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Cardiovascular
Editorial
ARTICLE IN PRESS
doi:
10.25259/IJCDW_9_2022

Is NT-proBNP a Valuable Marker for Risk Stratification in Hypertensive Patients?

Department of Cardiology, All India Institute of Medical Sciences, Bathinda, Punjab, India
Corresponding author: Bhupinder Singh, Department of Cardiology, All India Institute of Medical Sciences, Bathinda, Punjab, India. dr_bhupinders@yahoo.inm
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This is an open-access article distributed under the terms of the Creative Commons Attribution-Non Commercial-Share Alike 4.0 License, which allows others to remix, transform, and build upon the work non-commercially, as long as the author is credited and the new creations are licensed under the identical terms.

How to cite this article: Singh B, Kumar S. Is NT-proBNP a valuable marker for risk stratification in hypertensive patients? Indian J Cardiovasc Dis Women, doi: 10.25259/IJCDW_9_2022

I would like to appraise and re enforce the salient features of the interesting and very relevant study “NT–PRO BNP LEVELS IN RELATION TO VARIOUS GRADES OF HYPERTENSION - AN OBSERVATIONAL STUDY “ published in the IJCDW. Globally, hypertension (HTN) is a major public health problem. HTN is found to be the 3rd most common cause of mortality and morbidity in the Southeast Asia region.[1] It is even more of a concern in India as only 12% of the population with HTN have their blood pressure under control.[2] HTN is one of the major factors for cardiovascular diseases such as coronary artery disease, heart failure, atrial fibrillation, and cerebrovascular accidents. The direct cardiac impact of high blood pressure on the heart can be detected by looking at ventricular hypertrophy. The pathophysiological alterations occurring due to ventricular hypertrophy and abnormal remodeling become the precursor for various cardiovascular diseases. Hence, the left ventricular hypertrophy (LVH) is considered to be a major predictor of cardiac events.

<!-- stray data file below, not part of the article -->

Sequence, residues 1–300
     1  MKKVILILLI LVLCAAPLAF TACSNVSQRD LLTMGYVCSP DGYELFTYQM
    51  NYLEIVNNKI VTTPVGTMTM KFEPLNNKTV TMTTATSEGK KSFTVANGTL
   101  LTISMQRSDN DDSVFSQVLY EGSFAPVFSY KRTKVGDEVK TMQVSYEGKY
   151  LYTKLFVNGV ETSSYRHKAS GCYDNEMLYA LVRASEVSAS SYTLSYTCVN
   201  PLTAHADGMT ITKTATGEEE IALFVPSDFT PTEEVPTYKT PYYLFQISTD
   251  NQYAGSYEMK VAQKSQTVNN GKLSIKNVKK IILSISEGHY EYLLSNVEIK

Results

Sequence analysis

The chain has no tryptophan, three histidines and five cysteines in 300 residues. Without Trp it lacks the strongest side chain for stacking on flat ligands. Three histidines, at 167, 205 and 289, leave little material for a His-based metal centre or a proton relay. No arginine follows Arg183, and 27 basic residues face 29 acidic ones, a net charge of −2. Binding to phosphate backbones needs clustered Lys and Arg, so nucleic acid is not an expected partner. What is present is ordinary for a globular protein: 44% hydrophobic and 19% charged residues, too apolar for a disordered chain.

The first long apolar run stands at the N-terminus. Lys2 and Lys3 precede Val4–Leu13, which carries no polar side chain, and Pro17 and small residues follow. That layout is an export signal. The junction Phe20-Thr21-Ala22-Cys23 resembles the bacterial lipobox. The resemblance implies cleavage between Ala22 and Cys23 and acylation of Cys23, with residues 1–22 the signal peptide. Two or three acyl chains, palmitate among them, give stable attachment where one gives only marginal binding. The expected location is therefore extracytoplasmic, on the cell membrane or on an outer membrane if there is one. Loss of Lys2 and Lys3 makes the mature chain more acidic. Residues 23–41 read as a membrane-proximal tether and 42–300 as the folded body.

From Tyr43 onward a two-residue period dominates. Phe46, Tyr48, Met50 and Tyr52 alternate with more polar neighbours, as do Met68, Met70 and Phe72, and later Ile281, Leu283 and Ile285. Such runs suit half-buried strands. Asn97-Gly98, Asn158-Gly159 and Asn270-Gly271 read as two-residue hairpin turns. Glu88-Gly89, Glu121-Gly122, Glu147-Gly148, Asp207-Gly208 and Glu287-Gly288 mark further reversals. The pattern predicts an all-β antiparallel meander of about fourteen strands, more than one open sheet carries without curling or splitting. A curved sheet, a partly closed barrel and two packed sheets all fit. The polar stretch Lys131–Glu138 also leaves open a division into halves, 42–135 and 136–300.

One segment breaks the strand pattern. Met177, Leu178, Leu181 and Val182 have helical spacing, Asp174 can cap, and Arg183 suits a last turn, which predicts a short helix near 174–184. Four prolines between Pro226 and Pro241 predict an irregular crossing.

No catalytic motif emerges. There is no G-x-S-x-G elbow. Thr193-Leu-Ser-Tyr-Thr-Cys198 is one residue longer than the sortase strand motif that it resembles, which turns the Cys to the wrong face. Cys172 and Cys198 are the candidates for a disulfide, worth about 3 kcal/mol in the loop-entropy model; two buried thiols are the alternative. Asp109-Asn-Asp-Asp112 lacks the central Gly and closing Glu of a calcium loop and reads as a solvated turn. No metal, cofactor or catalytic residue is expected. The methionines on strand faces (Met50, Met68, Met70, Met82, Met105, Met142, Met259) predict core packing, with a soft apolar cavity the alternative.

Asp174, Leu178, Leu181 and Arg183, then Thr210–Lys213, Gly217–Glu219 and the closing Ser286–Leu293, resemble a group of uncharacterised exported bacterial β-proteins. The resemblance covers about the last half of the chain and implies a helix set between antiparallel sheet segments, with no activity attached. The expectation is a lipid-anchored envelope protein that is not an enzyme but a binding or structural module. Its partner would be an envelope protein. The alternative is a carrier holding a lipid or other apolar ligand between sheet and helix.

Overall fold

Commonly employed tests to detect LVH include electrocardiogram and echocardiography. Echocardiography is a cumbersome and time-consuming procedure if it is to be done in all hypertensive patients. To obviate this, various authors had tried to analyze the role N-terminal pro brain natriuretic peptide (NT-Pro BNP) in detecting cardiac damage or abnormal remodeling. NT-Pro BNP is a cardiac marker that is released from the ventricular myocardium in response to either pressure or volume overload of the ventricles.[3] NT-Pro BNP is a well-established diagnostic and prognostic marker in heart failure patients. It is less well-studied in HTN. A study by Paget et al.[4] studied 684 hypertensive patients prospectively with the baseline measurement of NT-Pro BNP levels. It was found that NT-pro BNP was an independent predictor for mortality among hypertensive patients and therefore should be considered as one of the parameters for risk stratification of hypertensive patients. A community-based follow-up study identified that the presence of raised NT-pro BNP level at the baseline was associated with high risk of cardiovascular events and mortality even after adjusting the conventional risk factors.[5]